I am a fire captain in a mid-sized city in the west. The fire chief recommended me to represent the department on a multidepartment team. Appointed by the city manager, the team is charged with addressing the growing problem of individuals or families living in cars and recreational vehicles. Oftentimes the people living in their vehicles have jobs and many of the kids go to school. The families just can’t afford the cost of housing in the region. Moreover, there are a lot of stakeholder groups (neighborhood groups, business associations, churches, schools, advocacy organizations) that are involved yet often in conflict about what to do about the problem.

The community services director is the chair of the committee and after the first couple of meetings asked me to serve as vice-chair. I don’t mind backing her up, but I know nothing of this complicated problem. I take a leadership role in my department, but I am uncertain and uneasy about helping to lead this multidepartment team. I feel for these people and want to help the city address the challenge but I’m not comfortable taking a leadership role.

The problem of people living in vehicles, RVs, or on the streets is a big adaptive challenge. It is not a technical challenge where the solutions are known and can be addressed through management.

According to Ronald Herzberg and Marty Linsky in their book Leadership on the Line, an adaptive challenge is one where there are no right or wrong answers, each stakeholder group has its own preferred solution, and value conflicts abound. Adaptive challenges can only be addressed through leadership, not management.  Homelessness is a classic adaptive challenge.


People living in their vehicles is a messy and contentious problem. The military uses the term “VUCA” to describe such situations. For instance, as opposed to past wars, the army is not fighting on the linear fields of Europe with mechanized armies against nation-states. Rather, today when the army sends a field unit into an Afghani village, it is difficult to identify the enemy combatants vs. the noncombatant civilians. The soldiers are not fighting on the fields of Europe but block by block, house by house. It is volatile, uncertain, complex, and ambiguous. It is a “VUCA” situation—just like your homelessness challenge.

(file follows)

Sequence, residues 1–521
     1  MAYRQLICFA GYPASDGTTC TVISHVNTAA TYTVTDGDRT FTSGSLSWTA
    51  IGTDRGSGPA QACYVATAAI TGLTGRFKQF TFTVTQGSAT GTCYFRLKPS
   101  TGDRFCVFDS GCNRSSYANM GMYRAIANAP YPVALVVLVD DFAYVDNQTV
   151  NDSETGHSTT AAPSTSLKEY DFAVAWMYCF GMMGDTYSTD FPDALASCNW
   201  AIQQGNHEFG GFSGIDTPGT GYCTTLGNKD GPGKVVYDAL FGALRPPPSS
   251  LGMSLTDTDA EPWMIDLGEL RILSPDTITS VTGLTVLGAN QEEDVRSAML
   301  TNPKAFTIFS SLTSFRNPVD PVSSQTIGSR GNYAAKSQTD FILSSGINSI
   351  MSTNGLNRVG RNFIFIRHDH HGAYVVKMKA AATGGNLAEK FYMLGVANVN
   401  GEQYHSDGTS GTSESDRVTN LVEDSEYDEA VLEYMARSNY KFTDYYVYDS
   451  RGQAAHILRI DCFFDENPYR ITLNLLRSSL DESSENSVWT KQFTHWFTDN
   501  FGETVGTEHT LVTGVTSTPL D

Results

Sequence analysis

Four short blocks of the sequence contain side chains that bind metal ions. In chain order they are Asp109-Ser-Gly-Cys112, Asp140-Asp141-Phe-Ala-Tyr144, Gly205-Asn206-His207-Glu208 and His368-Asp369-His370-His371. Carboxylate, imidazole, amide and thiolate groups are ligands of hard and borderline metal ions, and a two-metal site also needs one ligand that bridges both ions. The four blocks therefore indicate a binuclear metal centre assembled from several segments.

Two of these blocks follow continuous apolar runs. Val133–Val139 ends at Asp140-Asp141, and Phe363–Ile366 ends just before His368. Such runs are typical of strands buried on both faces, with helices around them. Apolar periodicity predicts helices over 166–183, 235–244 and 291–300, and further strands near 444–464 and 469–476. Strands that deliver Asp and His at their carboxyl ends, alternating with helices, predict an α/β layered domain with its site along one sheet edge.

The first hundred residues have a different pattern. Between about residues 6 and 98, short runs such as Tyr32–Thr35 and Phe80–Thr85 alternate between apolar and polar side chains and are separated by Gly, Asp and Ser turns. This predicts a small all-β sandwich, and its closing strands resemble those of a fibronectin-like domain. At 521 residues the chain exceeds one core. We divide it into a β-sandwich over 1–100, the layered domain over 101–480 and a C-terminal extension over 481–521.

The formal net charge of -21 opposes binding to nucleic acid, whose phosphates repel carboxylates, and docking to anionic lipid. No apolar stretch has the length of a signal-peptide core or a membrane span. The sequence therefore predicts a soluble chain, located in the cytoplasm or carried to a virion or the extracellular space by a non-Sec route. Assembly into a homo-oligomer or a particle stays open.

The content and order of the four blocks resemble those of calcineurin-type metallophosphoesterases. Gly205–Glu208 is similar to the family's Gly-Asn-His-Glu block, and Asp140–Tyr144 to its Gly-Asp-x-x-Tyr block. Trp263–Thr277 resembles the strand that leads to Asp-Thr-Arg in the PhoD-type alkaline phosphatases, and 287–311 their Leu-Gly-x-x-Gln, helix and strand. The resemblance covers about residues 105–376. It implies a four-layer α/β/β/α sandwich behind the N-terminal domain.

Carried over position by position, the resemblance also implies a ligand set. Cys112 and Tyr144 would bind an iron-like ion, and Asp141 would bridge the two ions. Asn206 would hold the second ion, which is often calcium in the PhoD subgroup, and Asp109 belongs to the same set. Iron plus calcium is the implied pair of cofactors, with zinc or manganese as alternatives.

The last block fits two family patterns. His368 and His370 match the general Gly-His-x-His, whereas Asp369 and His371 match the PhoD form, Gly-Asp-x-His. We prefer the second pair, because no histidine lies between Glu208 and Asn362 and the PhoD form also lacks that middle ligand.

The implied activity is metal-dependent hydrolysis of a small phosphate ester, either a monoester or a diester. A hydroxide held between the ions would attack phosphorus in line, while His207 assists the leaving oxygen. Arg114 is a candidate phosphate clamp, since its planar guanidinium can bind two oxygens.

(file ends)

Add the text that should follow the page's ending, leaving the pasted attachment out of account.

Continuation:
Many of the contemporary problems that we face in local government—affordable housing, water shortages, immigration, poverty, economic vitality—are VUCA-like. They are adaptive challenges for which we don’t have technical solutions acceptable to everyone in our heterogeneous communities.

Veto Power

After writing his book Good to Great, Jim Collins spoke at the ICMA Annual Conference on his research about how corporations get from “good” to “great.” The city and county managers challenged Collins to explore how local governments (as opposed to business entities) could go from good to great. Collins took on the challenge and discovered that decision-making was strikingly different in the public sector. In fact, Collins identified that the defining element of the public sector (vs. the private sector) was that everyone could say “no.” (See Jim Collins, Good to Great and the Social Sectors.)

Not only are you dealing with an uncertain situation, but every stakeholder group can block your committee’s efforts to implement a positive response to the homelessness problem. All these groups can “veto” your efforts. So, the leadership question is “How do we get to ‘yes’ when everyone can say ‘no’?”